It is believed that the original progenitors of the breed which came to be known as the Cavalier King Charles Spaniel were dogs from China, Japan and Tibet which arrived in Europe more than a thousand years ago with travellers and traders. Over centuries, and through various crossings, a type known as the Toy Spaniel emerged and from the 16th century found great and continuing popularity in the households of British royalty and nobility. These small dogs were particular favourites of King Charles II for whom they were named. With the passage of time came changes to the breed - muzzles getting shorter, skulls becoming rounder, and a general diminution in size. In 1926 an American, Rosewell Eldridge, was disappointed to find little resemblance in the modern King Charles Spaniel to those depicted in the Old Master paintings of Charles II’s era. Consequently he offered a prize at Crufts for dogs closest in appearance to the originals. Some breeders undertook the task which led to the recognition in the 1940s of two distinct breeds: the King Charles Spaniel and the re-created Cavalier King Charles Spaniel which now far exceeds the former in numbers.
The Cavalier King Charles Spaniel is, deservedly, one of the most popular of all breeds of dog in the U.K. He is renowned for his sweet disposition and his devotion to his owners. His greatest pleasure in life is to be close to those he loves and he must be regarded as an indoor dog to be included as a valued member of the family. If relegated to a lonely life with little human company and interaction he will fail to thrive, becoming sad and withdrawn instead of the lively out-going dog he should be. His lovely temperament is evident in his willingness to be a friend to everyone he meets. This trusting, affable nature means that he is not exactly guard-dog material. He will bark to announce visitors but thereafter will go forward to meet and greet with a gaily wagging tail and a happy smile. With children he is generally very good and will join in their games with great enjoyment. Despite his small stature and ‘cuddlesomeness’ the Cavalier is a dog and should be respected as such. He needs and deserves the same training in household rules and acceptable behaviour as any other dog if he is to fulfil his potential as a pleasant companion. Beware however those heart-melting eyes brimming with love - many good intentions have drowned in those large, dark pools. The Cavalier is also a sturdy and robust fellow who, although he loves his comforts, is quite happy to poke around after elusive rabbits and get wet, muddy and adorned with twigs and other debris in the process. Adaptable to living in town or country, mansion or apartment, with a family or individual, with young or elderly, the charming Cavalier King Charles Spaniel has proved himself to be the ideal dog for almost anyone, anywhere.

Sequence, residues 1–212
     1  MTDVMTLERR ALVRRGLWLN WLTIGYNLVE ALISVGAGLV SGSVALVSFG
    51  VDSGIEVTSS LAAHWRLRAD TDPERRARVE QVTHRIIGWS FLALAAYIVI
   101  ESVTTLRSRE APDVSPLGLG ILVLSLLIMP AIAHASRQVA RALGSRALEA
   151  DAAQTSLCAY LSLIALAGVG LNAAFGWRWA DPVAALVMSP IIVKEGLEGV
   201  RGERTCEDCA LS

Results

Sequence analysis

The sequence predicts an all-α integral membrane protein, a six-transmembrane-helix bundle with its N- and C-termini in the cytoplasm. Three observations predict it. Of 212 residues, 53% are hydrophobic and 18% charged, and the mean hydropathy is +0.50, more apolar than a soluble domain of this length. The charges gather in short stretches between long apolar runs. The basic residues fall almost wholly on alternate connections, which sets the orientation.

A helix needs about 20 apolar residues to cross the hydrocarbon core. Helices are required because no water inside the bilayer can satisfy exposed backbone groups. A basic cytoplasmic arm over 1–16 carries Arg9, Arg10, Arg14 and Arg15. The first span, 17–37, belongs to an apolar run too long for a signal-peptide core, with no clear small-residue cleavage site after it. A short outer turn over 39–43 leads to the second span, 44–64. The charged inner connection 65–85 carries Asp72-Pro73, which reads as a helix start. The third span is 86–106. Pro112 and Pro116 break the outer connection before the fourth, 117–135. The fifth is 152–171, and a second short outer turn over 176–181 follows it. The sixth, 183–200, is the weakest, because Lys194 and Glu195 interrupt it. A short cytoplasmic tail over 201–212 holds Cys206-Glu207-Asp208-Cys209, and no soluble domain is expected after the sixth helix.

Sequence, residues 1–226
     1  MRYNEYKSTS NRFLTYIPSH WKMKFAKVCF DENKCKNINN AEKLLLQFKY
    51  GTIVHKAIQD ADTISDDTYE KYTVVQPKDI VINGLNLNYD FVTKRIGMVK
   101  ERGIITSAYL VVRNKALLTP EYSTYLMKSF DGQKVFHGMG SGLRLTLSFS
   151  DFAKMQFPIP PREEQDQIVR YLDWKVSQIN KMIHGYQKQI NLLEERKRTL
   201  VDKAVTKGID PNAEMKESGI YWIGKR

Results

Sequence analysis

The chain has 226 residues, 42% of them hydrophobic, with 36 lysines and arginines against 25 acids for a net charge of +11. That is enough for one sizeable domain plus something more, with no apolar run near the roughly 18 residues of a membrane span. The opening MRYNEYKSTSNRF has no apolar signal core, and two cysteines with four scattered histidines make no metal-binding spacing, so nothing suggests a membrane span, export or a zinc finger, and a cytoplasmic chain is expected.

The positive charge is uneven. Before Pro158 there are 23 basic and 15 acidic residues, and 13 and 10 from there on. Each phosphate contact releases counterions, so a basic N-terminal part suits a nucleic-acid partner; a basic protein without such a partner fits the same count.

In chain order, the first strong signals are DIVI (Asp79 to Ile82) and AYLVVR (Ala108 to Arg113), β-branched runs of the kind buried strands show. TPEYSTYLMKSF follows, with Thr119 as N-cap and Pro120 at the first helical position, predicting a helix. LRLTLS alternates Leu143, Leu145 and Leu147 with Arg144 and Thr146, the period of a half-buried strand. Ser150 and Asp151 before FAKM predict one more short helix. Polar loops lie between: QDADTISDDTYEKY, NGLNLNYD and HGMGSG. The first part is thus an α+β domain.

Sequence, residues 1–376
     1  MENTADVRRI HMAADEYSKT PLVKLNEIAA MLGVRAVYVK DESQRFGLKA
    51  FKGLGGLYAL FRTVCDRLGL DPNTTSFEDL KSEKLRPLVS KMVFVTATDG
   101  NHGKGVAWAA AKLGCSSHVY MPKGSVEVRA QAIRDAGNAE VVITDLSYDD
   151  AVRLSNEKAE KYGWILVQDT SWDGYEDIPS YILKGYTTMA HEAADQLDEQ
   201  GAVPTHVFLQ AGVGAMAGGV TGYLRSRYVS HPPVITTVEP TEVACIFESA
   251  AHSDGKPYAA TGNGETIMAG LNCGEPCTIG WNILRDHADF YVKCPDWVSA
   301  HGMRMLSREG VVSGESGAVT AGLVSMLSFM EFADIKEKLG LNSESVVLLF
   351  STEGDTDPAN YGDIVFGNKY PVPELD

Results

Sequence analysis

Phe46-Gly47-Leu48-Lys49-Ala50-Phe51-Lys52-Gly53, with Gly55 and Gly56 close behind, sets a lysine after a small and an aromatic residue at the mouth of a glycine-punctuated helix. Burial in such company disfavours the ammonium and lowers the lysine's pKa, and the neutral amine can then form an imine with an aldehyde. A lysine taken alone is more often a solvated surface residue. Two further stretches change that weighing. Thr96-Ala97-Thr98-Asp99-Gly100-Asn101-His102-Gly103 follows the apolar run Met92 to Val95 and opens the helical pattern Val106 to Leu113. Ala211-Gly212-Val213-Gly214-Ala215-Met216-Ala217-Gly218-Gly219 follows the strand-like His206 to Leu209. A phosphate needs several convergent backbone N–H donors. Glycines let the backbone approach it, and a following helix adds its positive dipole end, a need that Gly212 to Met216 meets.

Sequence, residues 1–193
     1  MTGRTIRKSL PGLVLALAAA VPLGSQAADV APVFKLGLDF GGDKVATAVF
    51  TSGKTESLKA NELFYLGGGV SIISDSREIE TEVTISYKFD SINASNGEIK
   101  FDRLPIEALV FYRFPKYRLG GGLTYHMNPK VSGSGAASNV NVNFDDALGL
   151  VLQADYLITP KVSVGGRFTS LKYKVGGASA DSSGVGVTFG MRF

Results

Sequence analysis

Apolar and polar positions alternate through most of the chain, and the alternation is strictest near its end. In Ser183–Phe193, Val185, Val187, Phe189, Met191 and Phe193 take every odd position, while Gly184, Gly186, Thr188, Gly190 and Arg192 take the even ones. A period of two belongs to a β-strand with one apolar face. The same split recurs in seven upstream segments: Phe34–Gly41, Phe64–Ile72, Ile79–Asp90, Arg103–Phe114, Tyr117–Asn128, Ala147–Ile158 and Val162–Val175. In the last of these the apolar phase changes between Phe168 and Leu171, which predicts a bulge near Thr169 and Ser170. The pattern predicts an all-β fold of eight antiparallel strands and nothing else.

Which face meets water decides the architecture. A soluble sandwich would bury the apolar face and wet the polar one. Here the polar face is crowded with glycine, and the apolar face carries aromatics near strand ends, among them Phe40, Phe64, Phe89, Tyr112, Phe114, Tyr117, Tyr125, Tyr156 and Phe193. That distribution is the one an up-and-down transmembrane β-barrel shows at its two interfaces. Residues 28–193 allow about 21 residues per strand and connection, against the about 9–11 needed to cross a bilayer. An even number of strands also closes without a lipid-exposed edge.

This breed does not require a vast amount of exercise but daily walks and games at home are recommended to prevent the CKCS becoming overweight and lazy. He will enjoy getting out and about to meet people and walks will also provide him with interesting sights and scents to keep his mind stimulated and boredom at bay. If a safe area can be found for off-lead exercise he will delight in running around and playing energetic games. Some Cavaliers retain a fair amount of their ancestors’ sporting traits so care must be taken lest the sight or scent of potential quarry trigger his hunting instinct and he disappears in joyful pursuit.
The CKCS is a very intelligent dog and this, combined with his willingness to please his beloved owner, means that he is not difficult to train in basic obedience requirements. Training should start as early as possible and only positive methods which reward wanted behaviours with food treats and praise should be used. Harsh methods which involve rough handling and loud reprimands will bewilder this trusting little dog causing him anguish and eroding the bonds of affection and respect which are fundamental to successful training. The Cavalier’s responsiveness and eagerness to oblige his handler make him an excellent competitor in obedience trials. He is also readily trained as a therapy dog and in that role he brings happiness and comfort to many outside his family circle. Socialization should commence in early puppyhood. This is the process of accustoming the pup to as many as possible of the sights, sounds, people, animals, situations, that he may encounter during his lifetime. The well-trained and adequately socialized dog will have the skills necessary to cope with the world in a calm, confident, courteous manner and will be an admirable representative of his breed.
- Mitral valve disease (MVD)
- syringomyelia (SM)
- patella luxation
- autoimmune thrombocytopoenia
- hip dysplasia
- eye problems
- brachycephalic syndrome
Some photographs of the Cavalier King Charles Spaniel...